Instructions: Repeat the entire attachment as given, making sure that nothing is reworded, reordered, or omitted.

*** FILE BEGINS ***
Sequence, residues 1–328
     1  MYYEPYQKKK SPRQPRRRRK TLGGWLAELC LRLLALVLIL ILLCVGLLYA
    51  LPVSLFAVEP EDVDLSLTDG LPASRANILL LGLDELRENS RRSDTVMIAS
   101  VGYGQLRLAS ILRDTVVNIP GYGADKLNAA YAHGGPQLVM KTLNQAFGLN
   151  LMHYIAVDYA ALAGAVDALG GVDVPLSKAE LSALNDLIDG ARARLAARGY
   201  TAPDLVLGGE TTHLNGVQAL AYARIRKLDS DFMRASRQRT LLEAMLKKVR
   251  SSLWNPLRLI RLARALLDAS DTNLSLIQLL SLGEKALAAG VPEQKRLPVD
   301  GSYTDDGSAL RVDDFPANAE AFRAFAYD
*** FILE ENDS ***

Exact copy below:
Sequence, residues 1–328
     1  MYYEPYQKKK SPRQPRRRRK TLGGWLAELC LRLLALVLIL ILLCVGLLYA
    51  LPVSLFAVEP EDVDLSLTDG LPASRANILL LGLDELRENS RRSDTVMIAS
   101  VGYGQLRLAS ILRDTVVNIP GYGADKLNAA YAHGGPQLVM KTLNQAFGLN
   151  LMHYIAVDYA ALAGAVDALG GVDVPLSKAE LSALNDLIDG ARARLAARGY
   201  TAPDLVLGGE TTHLNGVQAL AYARIRKLDS DFMRASRQRT LLEAMLKKVR
   251  SSLWNPLRLI RLARALLDAS DTNLSLIQLL SLGEKALAAG VPEQKRLPVD
   301  GSYTDDGSAL RVDDFPANAE AFRAFAYD